On Slide 9, utility earnings were $136 million in 2015, compared to $138 million in 2014. Utility EPS was $1.27 was within our utility guidance range of $1.25 to $1.30. The variances are shown on the slide and I'll highlight a few.

On an after-tax basis, the most significant year-over-year net income drivers were $7 million in higher depreciation expense for the integration of more renewable energy, improved customer reliability and greater system efficiency and $3 million in higher O&M expense rising in line with inflation of about 1% higher compared to the last year which was driven primarily by the following.

The write-off of previously incurred enterprise resource planning software cost, additional environmental reserves, higher employee benefit costs, which were partially offset by higher 2014 cost for the initial phase of the smart grid installations.

The higher expenses were partially offset by $7 million in higher net revenues, primarily attributable to the recovery of the cost for the clean energy and renewable reliability investments.

At the bank, net income for the year was $54.7 million in 2015 compared to $51.3 million in 2014. Bank EPS of $0.51 a share was firmly in line with our guidance of $0.50 and $0.52, the most significant after-tax drivers of net income increased from 2014 were $5 million in higher net interest income as contributions from loan and investment portfolio of growth more than offset a lower yield on earning assets and $4 million in higher non-interest income primarily due to higher mortgage loan originations and higher deposit related fees.

These increases were partially offset by $6 million in higher non-interest expense, primarily due to higher pension and benefits expense.

Slide 10 shows the utility's actual ROEs for the year ended December of 2015. The consolidated utility ROE was 8% in line with our 2015 guidance of about 8% and declined from 8.4% in 2014, primarily due to higher depreciation in O&M expense, partially offset by the RAM increase and the higher average equity balance of 2015.

Turning back to American savings bank on Slide 11, in 2015 American continued to deliver solid profitability metrics in line with its targets. We achieved a competitive return on assets of 95 basis points for 2015 meeting our target.

We achieved loan growth of 4.1% in 2015 in line with our mid single digit loan growth target driven by increases in commercial real estate, residential and home equity loans.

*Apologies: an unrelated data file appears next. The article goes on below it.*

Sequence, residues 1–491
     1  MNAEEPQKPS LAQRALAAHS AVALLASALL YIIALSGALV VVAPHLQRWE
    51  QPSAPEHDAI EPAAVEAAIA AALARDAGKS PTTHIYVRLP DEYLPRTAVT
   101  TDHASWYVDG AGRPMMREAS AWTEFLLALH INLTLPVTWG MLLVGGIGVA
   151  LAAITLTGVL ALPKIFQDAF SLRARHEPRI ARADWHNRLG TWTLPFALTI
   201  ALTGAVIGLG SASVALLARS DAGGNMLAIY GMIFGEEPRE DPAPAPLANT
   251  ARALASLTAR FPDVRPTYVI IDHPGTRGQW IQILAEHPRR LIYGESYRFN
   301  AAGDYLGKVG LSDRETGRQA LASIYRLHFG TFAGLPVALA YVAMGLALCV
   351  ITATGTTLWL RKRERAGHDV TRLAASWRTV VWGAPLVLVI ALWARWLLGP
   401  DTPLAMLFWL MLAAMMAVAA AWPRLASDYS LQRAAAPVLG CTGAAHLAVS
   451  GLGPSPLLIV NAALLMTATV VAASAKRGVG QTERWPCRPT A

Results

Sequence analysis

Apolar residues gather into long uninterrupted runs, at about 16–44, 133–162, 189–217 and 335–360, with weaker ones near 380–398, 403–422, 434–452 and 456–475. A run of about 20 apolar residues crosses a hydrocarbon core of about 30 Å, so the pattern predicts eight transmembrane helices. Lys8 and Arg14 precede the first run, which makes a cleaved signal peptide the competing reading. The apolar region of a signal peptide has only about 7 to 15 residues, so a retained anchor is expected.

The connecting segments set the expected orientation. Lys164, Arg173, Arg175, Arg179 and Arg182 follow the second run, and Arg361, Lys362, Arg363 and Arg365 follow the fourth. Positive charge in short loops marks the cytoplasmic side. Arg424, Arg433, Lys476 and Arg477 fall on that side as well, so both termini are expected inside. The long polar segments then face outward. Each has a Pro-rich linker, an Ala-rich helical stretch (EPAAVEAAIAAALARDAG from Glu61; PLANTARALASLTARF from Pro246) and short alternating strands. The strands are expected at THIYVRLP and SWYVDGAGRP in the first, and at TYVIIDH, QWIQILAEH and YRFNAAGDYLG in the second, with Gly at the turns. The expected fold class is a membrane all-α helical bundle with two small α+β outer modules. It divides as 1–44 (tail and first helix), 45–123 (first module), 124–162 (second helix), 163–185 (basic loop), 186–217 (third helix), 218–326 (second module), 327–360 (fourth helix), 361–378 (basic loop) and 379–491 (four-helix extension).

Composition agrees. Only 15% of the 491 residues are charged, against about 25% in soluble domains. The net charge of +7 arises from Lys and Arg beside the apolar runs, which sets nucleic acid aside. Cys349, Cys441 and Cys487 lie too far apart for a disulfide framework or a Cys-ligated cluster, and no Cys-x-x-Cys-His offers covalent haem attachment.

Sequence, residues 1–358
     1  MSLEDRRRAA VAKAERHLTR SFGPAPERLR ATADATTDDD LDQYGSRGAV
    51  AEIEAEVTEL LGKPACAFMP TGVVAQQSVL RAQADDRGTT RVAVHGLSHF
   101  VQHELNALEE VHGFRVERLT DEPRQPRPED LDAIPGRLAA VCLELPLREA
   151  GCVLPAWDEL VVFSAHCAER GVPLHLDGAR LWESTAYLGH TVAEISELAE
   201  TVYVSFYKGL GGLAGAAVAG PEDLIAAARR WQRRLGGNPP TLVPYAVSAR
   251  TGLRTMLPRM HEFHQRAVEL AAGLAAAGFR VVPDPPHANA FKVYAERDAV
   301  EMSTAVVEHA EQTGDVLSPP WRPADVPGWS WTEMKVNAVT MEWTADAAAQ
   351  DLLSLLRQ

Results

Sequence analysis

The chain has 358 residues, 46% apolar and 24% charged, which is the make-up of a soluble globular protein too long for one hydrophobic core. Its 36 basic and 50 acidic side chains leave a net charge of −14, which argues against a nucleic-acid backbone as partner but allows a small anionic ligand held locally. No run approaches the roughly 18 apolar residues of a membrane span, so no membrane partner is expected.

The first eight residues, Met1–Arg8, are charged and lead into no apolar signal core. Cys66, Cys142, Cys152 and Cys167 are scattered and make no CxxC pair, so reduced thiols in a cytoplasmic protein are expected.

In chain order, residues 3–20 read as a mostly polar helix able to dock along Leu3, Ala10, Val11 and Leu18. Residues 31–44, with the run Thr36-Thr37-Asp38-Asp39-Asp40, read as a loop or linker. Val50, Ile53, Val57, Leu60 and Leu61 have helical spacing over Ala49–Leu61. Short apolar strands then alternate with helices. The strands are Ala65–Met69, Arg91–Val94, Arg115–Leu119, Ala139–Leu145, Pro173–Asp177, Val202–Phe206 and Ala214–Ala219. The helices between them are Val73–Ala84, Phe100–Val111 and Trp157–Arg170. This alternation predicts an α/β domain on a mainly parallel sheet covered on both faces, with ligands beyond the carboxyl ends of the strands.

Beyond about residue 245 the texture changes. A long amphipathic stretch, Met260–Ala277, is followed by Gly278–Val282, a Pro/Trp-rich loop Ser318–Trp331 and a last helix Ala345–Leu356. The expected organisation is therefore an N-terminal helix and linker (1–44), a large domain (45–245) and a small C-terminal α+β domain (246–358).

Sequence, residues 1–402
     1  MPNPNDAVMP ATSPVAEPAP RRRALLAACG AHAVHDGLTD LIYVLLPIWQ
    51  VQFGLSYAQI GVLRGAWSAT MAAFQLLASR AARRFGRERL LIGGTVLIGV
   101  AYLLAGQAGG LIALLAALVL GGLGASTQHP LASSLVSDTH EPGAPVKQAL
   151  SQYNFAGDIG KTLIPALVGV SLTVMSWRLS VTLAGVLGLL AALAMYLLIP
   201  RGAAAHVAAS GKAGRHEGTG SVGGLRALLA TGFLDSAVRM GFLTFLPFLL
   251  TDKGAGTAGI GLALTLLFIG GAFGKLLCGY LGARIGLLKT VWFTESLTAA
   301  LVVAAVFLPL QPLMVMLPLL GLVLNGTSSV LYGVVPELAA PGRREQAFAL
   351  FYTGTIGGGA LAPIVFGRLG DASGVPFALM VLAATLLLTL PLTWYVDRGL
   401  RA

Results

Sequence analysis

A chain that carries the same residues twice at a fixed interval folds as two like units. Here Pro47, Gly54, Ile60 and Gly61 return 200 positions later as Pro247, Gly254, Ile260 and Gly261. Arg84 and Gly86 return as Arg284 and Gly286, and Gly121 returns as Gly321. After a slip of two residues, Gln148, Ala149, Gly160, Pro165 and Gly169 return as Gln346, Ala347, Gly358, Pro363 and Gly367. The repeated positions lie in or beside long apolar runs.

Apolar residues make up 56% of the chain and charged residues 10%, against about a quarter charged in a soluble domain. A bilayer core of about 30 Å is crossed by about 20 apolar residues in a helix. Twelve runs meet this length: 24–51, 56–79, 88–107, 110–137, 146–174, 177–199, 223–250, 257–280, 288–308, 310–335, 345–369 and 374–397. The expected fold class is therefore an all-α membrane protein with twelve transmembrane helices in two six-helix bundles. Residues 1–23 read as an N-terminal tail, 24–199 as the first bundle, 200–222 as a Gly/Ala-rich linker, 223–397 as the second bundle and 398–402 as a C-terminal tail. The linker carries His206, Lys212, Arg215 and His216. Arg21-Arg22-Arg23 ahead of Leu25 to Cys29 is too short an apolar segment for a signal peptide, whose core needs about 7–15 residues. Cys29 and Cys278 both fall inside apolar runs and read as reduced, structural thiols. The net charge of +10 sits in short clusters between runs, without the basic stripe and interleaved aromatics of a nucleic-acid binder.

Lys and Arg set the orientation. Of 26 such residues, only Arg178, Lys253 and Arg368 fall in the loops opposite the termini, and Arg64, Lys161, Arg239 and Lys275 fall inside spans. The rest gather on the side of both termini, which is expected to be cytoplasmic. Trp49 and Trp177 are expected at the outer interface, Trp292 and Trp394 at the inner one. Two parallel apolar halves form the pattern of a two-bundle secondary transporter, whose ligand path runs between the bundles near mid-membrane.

Our 2015 net interest margin was 3.5% on the higher end of our guidance range of 3.45% to 3.55%. Our net charge-off ratio was four basis points in 2015, well under our target of less than 10 basis points and still extremely low relative to our peers.

Overall the bank continues to maintain its lowest profile, strong balance sheet and straightforward community banking business model.

On Slide 12, our net interest margin of 3.55% in the fourth quarter of 2015 was two basis points higher than the linked quarter. Our interest earning asset yield improved by two basis points, primarily due to a shift in portfolio mix to higher yielding assets.

Our liability cost of 22 basis points was unchanged compared to the linked quarter. We anticipate modest NIM compression going into 2016 as pricing of new loans continues to be lower than the current portfolio rates.

On Slide 13, compared to the $61.2 million of non-interest income in 2014, the $6.6 million increase in 2015 was primarily driven by $3.4 million of higher mortgage banking income related to strong mortgage production in sales, $3.1 million in higher fee income on deposit liabilities due to deposit related initiatives, $2 million gain on sale in the third quarter of 2015 of the American Service Center building vacated as part of our facilities consolidation plan and this was offset by $2.8 million in lower gain on sale of securities.

As a result of prudent risk management capabilities and the healthy local economy, credit quality at American remained strong. The 2015 net charge-off ratio was still a very low four basis points compared to one basis point in 2014.

Primarily driven by loan growth, the provision for loan losses in 2015 was $6.3 million compared to $6.1 million in 2014. The allowance for loan losses was 1.08% of outstanding loans of $60 million at yearend compared to 1.06% at the end of the linked quarter and 1.03% as of the prior year end.

On Slide 15, American's nonperforming assets ratio was 1.02% at the end of the fourth quarter of 2014 compared to 1% flat at the end of the third quarter and 0.85% at the end of the fourth quarter of 2014. The increase from the fourth quarter of 2014 was primarily due to two commercial borrowers who are still payment current.

Slide 16 illustrates American's continued attractive asset yield and funding mix relative to our peer banks. American's December 31, 2015, balance sheet is stacked against the last complete available dataset for our peers, which is as of September 2015.

Nearly 100% of our loan portfolio was funded with low cost core deposits versus the aggregate of our peers at 87%. In 2015, total deposits increased by $402 million or 8.7% while maintaining a very low cost of funds of 22 basis points, 15 basis points lower than the median for our peers.

American remains well capitalized at December 31, the leverage ratio of 8.8%, tangible common equity to total assets of 8.1% and total capital ratio of 13.3%. And for the fourth quarter of 2015, American paid $7.5 million in dividends to ATI or $30 million in 2015 while maintaining healthy capital ratios.